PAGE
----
Berlin Art Market

As you cross the Spree along the Unter den Linden, in the narrow space between the river and the Zeughaus there is a little art market every weekend. We’d missed the weekend. Luckily for us the Monday was a holiday, and the Berlin Art Market was in full swing as we walked through.

We found painters and photographers in small stalls. Others had sculpture and ceramics. Although the atmosphere is like a flea market, the people manning the stalls are the artists selling their own work. Also, unlike a flea market, the prices are fixed. We walked slowly past the stalls of several photographers. I struck up a conversation with some of them. They have all spent some time traveling and working in several of Europe’s larger cities before coming to Berlin.

I bought a print of Lisbon from one of them at the end of a long conversation. He came to Berlin from London. The rents are lower in Berlin, he told me. From his collection of prints, it seems that he also found more visually interesting material in Berlin.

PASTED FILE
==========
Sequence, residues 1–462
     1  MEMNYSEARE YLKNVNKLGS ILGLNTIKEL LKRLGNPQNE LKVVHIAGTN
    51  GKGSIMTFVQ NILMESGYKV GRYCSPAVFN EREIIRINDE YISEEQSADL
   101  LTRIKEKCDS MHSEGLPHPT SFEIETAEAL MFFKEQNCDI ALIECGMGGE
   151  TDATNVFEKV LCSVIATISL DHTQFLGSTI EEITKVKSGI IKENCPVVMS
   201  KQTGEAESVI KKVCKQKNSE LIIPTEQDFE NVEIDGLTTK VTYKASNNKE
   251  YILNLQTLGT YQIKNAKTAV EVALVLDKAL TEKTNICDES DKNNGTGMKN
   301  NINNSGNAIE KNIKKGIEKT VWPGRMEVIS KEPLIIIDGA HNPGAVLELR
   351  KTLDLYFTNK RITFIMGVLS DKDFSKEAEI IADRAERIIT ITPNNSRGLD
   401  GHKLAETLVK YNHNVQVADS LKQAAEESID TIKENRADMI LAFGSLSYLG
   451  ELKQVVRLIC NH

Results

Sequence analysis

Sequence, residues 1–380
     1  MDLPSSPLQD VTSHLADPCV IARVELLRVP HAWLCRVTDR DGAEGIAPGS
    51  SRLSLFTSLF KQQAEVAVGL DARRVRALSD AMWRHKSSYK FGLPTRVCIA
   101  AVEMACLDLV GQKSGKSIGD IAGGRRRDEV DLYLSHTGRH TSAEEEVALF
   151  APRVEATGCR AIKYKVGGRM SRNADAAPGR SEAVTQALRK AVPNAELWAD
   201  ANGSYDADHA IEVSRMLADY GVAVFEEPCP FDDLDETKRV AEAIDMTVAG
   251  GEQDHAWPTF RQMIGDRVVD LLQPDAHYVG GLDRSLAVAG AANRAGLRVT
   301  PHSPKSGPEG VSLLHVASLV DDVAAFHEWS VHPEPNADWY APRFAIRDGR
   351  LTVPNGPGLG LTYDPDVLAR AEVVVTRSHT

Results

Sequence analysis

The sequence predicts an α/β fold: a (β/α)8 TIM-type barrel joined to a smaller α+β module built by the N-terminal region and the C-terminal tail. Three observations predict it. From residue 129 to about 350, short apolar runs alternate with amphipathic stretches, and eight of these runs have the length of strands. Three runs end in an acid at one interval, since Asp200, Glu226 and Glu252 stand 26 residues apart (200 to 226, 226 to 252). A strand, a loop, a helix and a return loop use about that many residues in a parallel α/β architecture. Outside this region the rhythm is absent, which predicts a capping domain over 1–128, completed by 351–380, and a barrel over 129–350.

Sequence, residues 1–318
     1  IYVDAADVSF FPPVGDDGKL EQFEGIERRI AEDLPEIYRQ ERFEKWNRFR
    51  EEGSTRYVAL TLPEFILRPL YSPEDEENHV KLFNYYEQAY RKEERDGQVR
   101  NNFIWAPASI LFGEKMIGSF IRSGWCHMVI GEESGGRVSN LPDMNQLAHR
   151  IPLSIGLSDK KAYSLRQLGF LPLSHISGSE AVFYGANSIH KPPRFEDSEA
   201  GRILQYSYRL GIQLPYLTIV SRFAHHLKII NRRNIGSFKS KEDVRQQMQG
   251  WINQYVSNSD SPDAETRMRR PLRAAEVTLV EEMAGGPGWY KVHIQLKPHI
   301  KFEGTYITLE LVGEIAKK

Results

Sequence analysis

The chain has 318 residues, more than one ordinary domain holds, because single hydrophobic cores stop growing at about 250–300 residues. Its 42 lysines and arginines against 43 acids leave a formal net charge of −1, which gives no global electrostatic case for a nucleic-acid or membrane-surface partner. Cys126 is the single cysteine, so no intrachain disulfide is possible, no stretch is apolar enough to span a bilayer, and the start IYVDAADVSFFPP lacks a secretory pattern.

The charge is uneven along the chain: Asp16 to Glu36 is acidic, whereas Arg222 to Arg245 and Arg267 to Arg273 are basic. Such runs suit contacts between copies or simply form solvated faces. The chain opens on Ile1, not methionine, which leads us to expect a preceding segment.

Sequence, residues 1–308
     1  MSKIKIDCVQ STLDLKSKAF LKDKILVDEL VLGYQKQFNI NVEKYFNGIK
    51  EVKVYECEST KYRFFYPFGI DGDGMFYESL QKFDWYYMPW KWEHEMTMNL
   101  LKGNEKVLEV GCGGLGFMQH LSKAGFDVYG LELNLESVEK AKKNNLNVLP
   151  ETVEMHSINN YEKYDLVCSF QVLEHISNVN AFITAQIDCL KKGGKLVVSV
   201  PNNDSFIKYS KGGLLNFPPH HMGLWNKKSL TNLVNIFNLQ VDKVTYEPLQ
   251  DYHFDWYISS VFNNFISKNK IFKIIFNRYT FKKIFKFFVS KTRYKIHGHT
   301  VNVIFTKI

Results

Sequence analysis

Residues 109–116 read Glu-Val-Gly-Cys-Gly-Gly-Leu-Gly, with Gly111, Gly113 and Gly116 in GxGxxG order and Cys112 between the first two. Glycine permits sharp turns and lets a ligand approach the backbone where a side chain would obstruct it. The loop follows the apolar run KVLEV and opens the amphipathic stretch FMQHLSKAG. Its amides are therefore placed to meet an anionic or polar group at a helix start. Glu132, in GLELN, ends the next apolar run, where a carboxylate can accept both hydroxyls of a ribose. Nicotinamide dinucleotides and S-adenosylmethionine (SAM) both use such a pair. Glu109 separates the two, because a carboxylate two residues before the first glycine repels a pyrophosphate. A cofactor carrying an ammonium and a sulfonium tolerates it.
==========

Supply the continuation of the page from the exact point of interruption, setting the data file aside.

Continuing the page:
It seemed to us that we were perpetually short of time in Berlin. We would have liked to linger in the market for much longer than we actually did.

The bookseller

Unter den Linden was dug up. My favourite war memorial, the Neue Wache, was closed for renovation. We walked along and at the gates of Humboldt university, found a stall of used books. I’m a sucker for a bookshop. After I’d admired the bundled-up shopkeeper, I ran an eye over the books.

Many of the hard-bound books were about the history of the second world war. I sort of recognized the book called “The Battle for Moscow”, by the prolific and generally well regarded Polish author of war history, Janusz Piekalkiewicz. The other table contained CDs, records and paperbacks. These were for three Euros each. Used copies of books like the one by Piekalkiewicz sell for less on Amazon. I wonder how these books sell on the pavement.

As you can see, the bookseller was deeply engrossed in a tablet, reading a e-book by the looks of it.